Antacids are medicines that neutralise the effects of stomach acid. A dose usually gives quick relief. Antacids are used 'as required' for mild or infrequent bouts of heartburn. Examples of antacids are Rennies® and Maalox®.

Antacids can cause many drug interactions generally by reducing absorption of other drugs. Antacids may alter the pH of the stomach contents or urine sufficiently to alter drug absorption or excretion. The interactions can be avoided by taking these other drugs one hour before or three hours after the antacid.  

Antacids can reduce absorption of antibiotics such as and ciprofloxacin and tetracycline, antifungals such as fluconazole (Diflucan®), blood pressure medication such as propranolol and captopril, ranitidine and famotidine (used to reduce stomach acid) and iron supplements. Antacids can also increase the effect of Sodium Valproate (Epilim®) which is used to treat epilepsy. Antacids can also damage enteric coating which many medicines have in order to protect the stomach from irritation.


Alginates are an alternative to antacids. They produce a protective coating that protects the lining of the stomach and oesophagus from the effects of stomach acid. Examples include Gaviscon® and Acidex® and they should be taken after food and at night.

Acid-suppressing drugs

There are two groups of acid-suppressing drugs available proton pump inhibitors (PPIs) and histamine receptor blockers (H2 blockers). PPIs are more effective and are used more often than H2 blockers.

Proton pump inhibitors work by completely blocking the production of stomach acid. Proton pump inhibitors include: omeprazole (Losec®, Romep®), lansoprazole (Zoton®, Zotrole®), pantoprazole (Protium®, Pantup®) rabeprazole (Pariet®, Razole®), and esomeprazole (Nexium®, Nexazole®). Side effects of PPIs are uncommon but may include headaches, diarrhoea, nausea, abdominal pain and constipation. The PPI pantoprazole has recently become available over the counter in pharmacies; Whelehans stock the less expensive generic brand, Pantup Relief®.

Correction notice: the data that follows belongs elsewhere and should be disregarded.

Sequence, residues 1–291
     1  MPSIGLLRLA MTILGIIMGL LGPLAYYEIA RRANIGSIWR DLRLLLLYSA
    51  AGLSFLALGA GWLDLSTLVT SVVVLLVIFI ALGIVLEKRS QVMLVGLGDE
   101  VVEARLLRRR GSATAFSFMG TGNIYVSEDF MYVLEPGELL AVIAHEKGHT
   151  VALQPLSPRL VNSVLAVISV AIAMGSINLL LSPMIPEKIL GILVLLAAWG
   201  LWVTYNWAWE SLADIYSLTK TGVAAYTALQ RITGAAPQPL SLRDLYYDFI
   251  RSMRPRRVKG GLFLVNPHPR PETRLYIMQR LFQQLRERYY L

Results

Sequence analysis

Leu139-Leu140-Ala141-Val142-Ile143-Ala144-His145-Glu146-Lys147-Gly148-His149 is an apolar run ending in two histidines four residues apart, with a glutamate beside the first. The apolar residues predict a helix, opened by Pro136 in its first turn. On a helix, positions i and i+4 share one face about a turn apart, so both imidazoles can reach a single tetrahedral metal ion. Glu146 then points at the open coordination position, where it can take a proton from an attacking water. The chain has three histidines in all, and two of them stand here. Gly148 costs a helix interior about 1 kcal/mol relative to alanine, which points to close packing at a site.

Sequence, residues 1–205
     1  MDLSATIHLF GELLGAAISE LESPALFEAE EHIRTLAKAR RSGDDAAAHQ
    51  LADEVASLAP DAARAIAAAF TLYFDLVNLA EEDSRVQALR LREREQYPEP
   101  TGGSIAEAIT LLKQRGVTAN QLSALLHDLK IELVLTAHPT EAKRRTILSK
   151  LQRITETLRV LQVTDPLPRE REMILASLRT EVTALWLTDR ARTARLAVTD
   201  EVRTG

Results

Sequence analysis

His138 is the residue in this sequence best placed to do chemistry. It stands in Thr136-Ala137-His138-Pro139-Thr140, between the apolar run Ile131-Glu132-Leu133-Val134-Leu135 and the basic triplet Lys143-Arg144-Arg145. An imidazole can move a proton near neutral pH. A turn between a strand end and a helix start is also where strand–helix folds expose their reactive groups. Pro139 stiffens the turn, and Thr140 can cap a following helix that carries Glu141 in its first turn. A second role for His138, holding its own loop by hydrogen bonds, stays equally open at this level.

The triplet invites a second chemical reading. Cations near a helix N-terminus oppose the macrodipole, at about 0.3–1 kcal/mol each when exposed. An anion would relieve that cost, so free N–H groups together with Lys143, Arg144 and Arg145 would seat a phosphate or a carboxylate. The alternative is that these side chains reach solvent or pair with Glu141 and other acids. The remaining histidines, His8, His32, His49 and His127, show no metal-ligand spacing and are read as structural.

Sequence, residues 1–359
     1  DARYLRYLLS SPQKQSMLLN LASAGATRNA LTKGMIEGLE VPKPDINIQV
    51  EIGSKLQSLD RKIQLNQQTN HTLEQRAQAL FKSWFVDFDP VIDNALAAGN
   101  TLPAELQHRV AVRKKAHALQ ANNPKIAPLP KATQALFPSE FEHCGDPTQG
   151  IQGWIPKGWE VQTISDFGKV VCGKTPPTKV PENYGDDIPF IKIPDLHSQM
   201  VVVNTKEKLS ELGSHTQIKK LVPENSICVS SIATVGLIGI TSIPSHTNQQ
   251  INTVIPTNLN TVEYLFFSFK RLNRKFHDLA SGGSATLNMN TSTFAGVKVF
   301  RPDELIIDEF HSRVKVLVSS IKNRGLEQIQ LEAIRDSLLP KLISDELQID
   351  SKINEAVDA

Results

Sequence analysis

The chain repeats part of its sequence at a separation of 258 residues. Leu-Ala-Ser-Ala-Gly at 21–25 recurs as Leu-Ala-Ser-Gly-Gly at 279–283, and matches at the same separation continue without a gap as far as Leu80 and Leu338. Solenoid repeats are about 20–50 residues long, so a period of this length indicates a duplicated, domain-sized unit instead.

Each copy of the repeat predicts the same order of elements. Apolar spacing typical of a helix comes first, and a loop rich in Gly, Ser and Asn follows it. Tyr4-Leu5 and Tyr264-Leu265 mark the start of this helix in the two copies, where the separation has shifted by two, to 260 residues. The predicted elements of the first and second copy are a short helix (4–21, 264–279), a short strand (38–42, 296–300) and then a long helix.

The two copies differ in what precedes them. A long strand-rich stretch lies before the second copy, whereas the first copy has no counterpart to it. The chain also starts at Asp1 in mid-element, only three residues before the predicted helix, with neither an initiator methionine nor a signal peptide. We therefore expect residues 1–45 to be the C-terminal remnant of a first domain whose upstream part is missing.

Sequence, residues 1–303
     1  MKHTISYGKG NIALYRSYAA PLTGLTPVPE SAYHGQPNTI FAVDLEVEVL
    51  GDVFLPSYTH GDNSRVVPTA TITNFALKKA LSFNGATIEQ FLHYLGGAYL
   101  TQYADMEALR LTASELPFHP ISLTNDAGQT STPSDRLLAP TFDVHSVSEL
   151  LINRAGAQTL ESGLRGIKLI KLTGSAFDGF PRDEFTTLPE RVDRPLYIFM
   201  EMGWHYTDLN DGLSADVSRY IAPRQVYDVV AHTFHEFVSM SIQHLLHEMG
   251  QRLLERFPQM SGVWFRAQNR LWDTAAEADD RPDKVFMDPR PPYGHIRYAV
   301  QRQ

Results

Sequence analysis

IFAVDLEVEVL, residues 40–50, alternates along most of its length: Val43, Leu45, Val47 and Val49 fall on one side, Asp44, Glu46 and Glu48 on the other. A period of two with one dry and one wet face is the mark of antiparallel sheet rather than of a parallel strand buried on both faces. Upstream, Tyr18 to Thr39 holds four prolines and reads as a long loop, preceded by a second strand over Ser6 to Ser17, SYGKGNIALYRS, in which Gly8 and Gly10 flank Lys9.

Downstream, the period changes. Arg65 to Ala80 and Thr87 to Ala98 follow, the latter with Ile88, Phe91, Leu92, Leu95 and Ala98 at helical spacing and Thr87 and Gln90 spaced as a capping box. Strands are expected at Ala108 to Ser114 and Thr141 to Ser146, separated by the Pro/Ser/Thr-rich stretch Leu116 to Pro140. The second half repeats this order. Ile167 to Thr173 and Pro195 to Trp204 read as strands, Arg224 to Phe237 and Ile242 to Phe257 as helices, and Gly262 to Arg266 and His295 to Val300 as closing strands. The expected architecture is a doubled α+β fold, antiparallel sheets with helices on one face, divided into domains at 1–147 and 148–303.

Interactions of PPIs

Reducing stomach acid can interfere with the absorption of some drugs. PPIs reduce the absorption of ketoconazole (anti-fungal medication) and can increase the absorption of digoxin (used for irregular heart rhythm). PPIs can also reduce the break-down of some drugs by the liver and lead to an increase in their concentration in the blood. Omeprazole is more likely than the other PPIs to reduce the break-down of drugs by the liver.

This can increase the concentration in the blood of diazepam, warfarin and phenytoin.

PPIs can also reduce the concentration and effectiveness of clopidogrel (Plavix®), a drug used to prevent blood clots in patients with heart problems. If possible an H2 blocker and / or antacid should be considered instead of a PPI in these patients

 H2- blockers

Histamine causes cells in the stomach to produce acid. H2-blockers stop histamine from working on these cells so they reduce acid in the stomach and include cimetidine (Tagamet®), famotidine (Pepcid®), nizatidine (Axid®) and ranitidine (Zantac®). Side effects are similar to PPIs but may also include a rash, dizziness and / or tiredness. Cimetidine is now rarely used as it interacts with many other drugs. 

Drugs that increase stomach emptying

These are drugs that speed up the movement of food through the stomach. They include domperidone (Motillium®, Domerid®) and metoclopramide (Maxolon®). They are not commonly used for GORD but help in some cases, especially if bloating or belching occurs.


Surgery may be performed in severe cases where medication is not working.